The wise man saved his money all year so there was enough cash to pay for the year-end holiday shopping. Hopefully he saved, or had enough income tax withheld from his paycheck, to satisfy the taxman on April 15th. For the truckers, the next day of reckoning in Illinois is June 30th. Some have already paid, some are still saving. Yet others are waiting until the last minute…and the truck enforcement officers will be lying in wait for them on July 1st.
There’s no doubt the cost of doing business in Illinois is not cheap. Vehicle registration (bloated with the commercial distribution fee) only adds more fuel to the fire. For Illinois carriers who are intrastate only, this mean their base plated trucks and trailers need to have 2016 registration renewed on or before July 1st, 2015.
Unlike many types of vehicle registration in Illinois, flat weight registration for 2nd division vehicles expires on June 30th. Cars can renew based on whichever of the twelve months the plates were originally obtained. Not so with truckers.
Flat weight registration is broken down into four quarters of the year, with the first three-month quarter beginning on July 1st. If a carrier goes to the Secretary of State on June 22nd, 2015 to purchase the full years registration for 2016, he will pay the full fee.
What trips up many carriers is when they purchase registration for a new truck midway through the registration year. It seems illogical that a carrier who buys a new truck on June 22nd, 2015 will pay for 2015 registration, only for it to expire eight days later.
Unfortunately, that’s how it goes and that’s why the rate is discounted each quarter. The registration is not valid year-to-date from the day it was purchased.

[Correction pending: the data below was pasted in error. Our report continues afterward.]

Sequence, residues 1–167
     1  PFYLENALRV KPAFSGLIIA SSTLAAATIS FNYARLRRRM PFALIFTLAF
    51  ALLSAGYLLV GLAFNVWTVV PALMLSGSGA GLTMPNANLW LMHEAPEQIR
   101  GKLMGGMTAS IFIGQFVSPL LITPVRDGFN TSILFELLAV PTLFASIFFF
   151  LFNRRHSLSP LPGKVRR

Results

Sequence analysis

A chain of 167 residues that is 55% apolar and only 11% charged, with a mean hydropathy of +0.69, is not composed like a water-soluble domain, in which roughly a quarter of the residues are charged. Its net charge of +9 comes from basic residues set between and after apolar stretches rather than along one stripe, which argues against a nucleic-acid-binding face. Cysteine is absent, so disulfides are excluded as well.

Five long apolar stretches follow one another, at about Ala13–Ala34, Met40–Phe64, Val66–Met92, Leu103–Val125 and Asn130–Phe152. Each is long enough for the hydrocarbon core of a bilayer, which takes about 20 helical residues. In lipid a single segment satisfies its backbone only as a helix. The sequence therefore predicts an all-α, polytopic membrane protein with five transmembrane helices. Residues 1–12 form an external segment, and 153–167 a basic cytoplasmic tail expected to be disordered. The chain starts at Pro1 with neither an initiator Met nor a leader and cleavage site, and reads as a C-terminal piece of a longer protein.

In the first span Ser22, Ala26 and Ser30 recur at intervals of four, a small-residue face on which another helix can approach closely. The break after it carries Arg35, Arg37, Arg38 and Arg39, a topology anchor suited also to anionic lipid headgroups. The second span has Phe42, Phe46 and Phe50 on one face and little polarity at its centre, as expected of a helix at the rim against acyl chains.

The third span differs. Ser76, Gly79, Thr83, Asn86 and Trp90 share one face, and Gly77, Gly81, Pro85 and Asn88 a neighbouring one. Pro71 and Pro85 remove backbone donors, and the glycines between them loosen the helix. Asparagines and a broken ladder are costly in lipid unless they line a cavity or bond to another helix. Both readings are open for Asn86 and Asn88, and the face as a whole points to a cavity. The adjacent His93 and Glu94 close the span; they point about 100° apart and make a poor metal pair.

On July 1st, the truck enforcement officers of Illinois will be on the hunt for yellow 2015 stickers. The purple 2016 stickers is what will keep the trucks rolling. When a police officer finds a truck or trailer without the registration fees paid, the truck will be weighed and it will be issued an overweight on registration citation.
The fine will be based on the full annual fee, no matter which quarter in the registration year the citation occurred. The SOS may very well sell registration at the pro-rated fees, but fines for the crime of overweight on registration is different.
There’s a new law in 2015 though. The Illinois General Assembly has mandated a level of discretion for the police. Currently, if a police officer sees an expired sticker, and a check through the SOS database shows it was indeed expired, the overweight citation would be issued.
Under this new law, Public Act 98-1103, the same scenario may have a different conclusion depending on receipt documentation carried in the truck. If the driver can show fees have been paid to the Secretary of State, even though the registration is expired in the system, then the officer cannot write the overweight citation.
This new law codifies a practice which the ITEA has been encouraging its truck officers to follow for years. There is a catch however. Notice the law says a receipt from the Secretary. It does not say a currency exchange or a licensing service.
The ITEA will still admonish officers to use good discretion in deciding whether or not to honor a receipt from a third-party service. A simple verification phone call to the issuing agency usually does the trick. Officers are also encouraged to not be dogmatic in requiring the receipt to physically be in the truck. A scan or a fax copy of the receipt should suffice.
As always, no police officer may write an overweight on registration citation without actually weighing the vehicle on approved and certified scales. Lazy police work using the manufacturers GVWR or the previous years registered weight are unlawful.
It’s a cat and mouse game on July 1st. Truckers, make sure to get your plates renewed on time.
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